WAYLAND, Mass. (Dec. 22)
Many American Jews may find it difficult to imagine April 15, the tax deadline, as a spiritual holiday, celebrated with special ceremonies, prayers and foods.
But a Jewish holiday that usually falls in late January or February is connected to the idea of taxation.
In addition, the holiday is a time of rejoicing.
In ancient Israel, farmers were tithed one-tenth of the fruit their trees produced.
By the 15th day of the month of Shevat, or Tu B’Shevat, most of the rain has fallen in Israel and the sap has begun to rise in the trees.
The rabbis set this date to mark the end of the agricultural year for fruit trees to distinguish between the end of one year’s fruit crop and the beginning of the next.
Tu B’Shevat, therefore, became the New Year for Trees.
In ancient Israel, Jews lived an agricultural lifestyle and their income for tax purposes was based on the amount of fruit and other agricultural products they grew, rather than on the amount of money they earned.
Today, most people lack the connection to the earth and to the trees of the ancient Israelites.
Yet, people’s dependence on the earth and its trees has not diminished.
In a short 10 minutes, a classroom of second- or third- graders can come up with dozens of reasons why trees are important: They provide wood to build houses, homes for animals, oxygen for breathing, fruits and nuts, cool and welcome shade, limbs for climbing, a place to hang a hammock and much more.
Consider these questions: Just what is it about trees that captures our fancy? What is their significance to each person? To everyone? To animals? To the planet? Why, exactly, are trees so important?
For just a moment, shut out the rest of the world. Concentrate on trees. Let one’s imagination wander.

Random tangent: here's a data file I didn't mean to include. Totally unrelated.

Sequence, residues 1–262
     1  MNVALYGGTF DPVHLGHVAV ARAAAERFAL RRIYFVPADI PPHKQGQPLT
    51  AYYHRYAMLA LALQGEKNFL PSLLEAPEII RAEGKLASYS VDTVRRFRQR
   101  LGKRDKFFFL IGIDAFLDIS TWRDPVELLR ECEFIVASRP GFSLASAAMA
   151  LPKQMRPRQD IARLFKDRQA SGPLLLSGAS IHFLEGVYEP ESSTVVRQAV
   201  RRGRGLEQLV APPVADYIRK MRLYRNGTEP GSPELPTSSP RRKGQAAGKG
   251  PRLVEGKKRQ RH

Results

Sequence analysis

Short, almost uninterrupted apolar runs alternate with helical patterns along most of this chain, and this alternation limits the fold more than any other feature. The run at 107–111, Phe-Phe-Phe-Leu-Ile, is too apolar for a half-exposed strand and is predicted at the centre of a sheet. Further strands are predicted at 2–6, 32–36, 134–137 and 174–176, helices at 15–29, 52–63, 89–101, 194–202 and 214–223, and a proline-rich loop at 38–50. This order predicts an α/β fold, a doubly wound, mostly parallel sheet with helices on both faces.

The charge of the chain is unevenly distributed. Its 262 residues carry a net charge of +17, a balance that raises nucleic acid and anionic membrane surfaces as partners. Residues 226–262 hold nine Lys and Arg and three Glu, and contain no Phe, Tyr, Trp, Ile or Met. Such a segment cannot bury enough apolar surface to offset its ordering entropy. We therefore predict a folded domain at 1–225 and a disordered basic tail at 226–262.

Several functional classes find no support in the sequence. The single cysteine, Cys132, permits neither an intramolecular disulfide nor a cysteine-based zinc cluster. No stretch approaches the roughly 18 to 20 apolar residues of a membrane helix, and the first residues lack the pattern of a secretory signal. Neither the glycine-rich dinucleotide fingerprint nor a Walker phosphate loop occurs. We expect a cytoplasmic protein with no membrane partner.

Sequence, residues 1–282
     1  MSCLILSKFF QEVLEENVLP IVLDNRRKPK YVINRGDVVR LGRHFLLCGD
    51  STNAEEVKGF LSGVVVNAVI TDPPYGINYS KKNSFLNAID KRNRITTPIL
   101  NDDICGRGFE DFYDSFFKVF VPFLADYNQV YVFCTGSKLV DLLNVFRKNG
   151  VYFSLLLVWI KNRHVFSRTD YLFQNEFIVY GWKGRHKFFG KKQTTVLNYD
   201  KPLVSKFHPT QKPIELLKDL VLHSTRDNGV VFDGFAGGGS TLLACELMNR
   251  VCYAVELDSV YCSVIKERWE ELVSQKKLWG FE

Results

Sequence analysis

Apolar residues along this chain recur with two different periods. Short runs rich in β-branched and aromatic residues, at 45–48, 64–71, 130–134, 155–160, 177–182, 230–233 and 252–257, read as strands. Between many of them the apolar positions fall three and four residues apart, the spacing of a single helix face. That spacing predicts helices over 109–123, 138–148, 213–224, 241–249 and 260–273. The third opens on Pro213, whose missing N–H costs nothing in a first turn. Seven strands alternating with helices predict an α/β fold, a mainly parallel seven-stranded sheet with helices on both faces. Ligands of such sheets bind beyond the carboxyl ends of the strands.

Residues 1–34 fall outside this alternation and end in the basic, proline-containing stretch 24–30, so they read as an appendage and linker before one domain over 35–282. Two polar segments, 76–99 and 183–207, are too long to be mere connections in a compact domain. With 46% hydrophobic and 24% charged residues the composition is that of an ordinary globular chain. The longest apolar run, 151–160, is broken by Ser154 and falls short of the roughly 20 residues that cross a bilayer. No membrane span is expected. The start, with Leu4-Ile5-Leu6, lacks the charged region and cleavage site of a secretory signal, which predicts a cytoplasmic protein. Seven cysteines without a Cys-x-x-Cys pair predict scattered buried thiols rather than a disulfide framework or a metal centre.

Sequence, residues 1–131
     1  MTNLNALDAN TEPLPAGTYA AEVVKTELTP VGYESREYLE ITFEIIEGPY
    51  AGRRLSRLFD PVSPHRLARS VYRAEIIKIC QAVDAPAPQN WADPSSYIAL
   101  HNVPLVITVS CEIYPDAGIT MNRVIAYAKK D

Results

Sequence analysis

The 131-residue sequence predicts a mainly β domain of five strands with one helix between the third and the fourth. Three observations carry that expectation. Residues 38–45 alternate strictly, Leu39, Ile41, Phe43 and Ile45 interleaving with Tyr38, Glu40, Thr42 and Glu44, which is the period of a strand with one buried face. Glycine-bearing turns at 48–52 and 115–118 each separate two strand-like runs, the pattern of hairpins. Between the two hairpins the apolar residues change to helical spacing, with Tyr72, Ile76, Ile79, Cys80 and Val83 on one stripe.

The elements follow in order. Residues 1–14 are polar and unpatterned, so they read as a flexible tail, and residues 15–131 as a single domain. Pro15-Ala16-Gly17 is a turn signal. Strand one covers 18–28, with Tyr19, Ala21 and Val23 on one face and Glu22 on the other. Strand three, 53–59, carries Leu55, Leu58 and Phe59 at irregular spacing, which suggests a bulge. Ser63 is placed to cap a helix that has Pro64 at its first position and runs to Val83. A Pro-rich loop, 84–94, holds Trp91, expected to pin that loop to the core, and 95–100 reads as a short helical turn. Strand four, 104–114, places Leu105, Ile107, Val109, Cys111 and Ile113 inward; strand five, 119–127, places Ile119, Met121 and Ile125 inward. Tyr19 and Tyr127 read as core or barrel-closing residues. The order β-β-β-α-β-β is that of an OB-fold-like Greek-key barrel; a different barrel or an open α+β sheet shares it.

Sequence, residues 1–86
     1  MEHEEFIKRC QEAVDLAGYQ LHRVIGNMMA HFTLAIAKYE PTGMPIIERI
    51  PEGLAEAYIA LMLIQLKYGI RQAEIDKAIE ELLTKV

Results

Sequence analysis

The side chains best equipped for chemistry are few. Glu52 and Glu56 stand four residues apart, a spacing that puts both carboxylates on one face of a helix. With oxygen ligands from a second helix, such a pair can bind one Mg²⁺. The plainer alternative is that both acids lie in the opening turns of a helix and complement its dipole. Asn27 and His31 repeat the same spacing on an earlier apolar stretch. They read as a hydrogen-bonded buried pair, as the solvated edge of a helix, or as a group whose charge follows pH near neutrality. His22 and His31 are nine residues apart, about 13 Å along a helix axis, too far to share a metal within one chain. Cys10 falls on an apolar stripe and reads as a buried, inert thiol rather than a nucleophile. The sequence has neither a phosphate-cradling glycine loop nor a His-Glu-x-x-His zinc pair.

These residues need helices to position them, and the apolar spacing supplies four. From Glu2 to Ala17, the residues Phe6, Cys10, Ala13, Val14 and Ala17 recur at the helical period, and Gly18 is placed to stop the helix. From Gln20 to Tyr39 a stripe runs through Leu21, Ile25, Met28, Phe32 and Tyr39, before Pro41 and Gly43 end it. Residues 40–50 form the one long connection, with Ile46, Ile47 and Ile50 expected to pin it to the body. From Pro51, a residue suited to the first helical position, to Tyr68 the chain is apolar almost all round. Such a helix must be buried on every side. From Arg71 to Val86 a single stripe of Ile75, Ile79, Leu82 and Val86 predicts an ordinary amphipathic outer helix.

Think about how many apples, oranges, grapefruits, pears, peaches, plums, nectarines, pecans, walnuts have been consumed this year.
Bring to mind television views of bulldozed rain forests. Consider what a mutual relationship with a tree would mean.
Look around at all the objects made of wood, such as the furniture in a house to the papers on a desk.
Think of once-new saplings, now fully grown, that have pushed back the edges of the Israeli deserts.
Imagine being in the Garden of Eden, sitting beneath the Tree of Knowledge.
Feel life-sustaining oxygen produced by green leaves filling lungs at every breath. Recall a touch of rough bark, a vista of foliage, a quiet moment in the shade.
Remember the stories of the Jewish people’s patriarchs and matriarchs recounted in the Torah, Judaism’s spiritual Tree of Life.
Trees. They are the breath of human life — physically, aesthetically, spiritually.
Trees. No one can live without them.
Here in New England, the darkness of the winter solstice has passed and the lights of Chanukah have burned down. Soon, as is happening now in Israel, the sap in the trees will begin to rise.
On a cold February morning, perhaps one will chance upon an icicle of frozen sap, hanging from the end of a branch.
Pluck it, and taste its sweetness. That sugary water is the tree’s source of life, just as surely as are the lengthening days.
Many centuries have passed since Tu B’Shevat last had legal significance.
But thanks largely to the mystics of Safed, the New Year for the Trees is still observed.
Blessings are said and the fruits of trees are eaten. Jews read about trees, sing about trees, remember humans’ dependence upon them and speak of their importance.
Jews drink four cups of wine — white, then light pink, then dark pink, then red — and symbolically journey from the cold snows of winter to the steamy sunshine of summer.
What better time than now, as trees reawaken, to celebrate something so vital to the planet as trees? What better opportunity than the New Year for Trees to prepare to greet the first buds of spring?
What better occasion than the ancient date for marking tithing to give people the boost they need to make it past the hump of winter, and to the nearing spring day of taxes?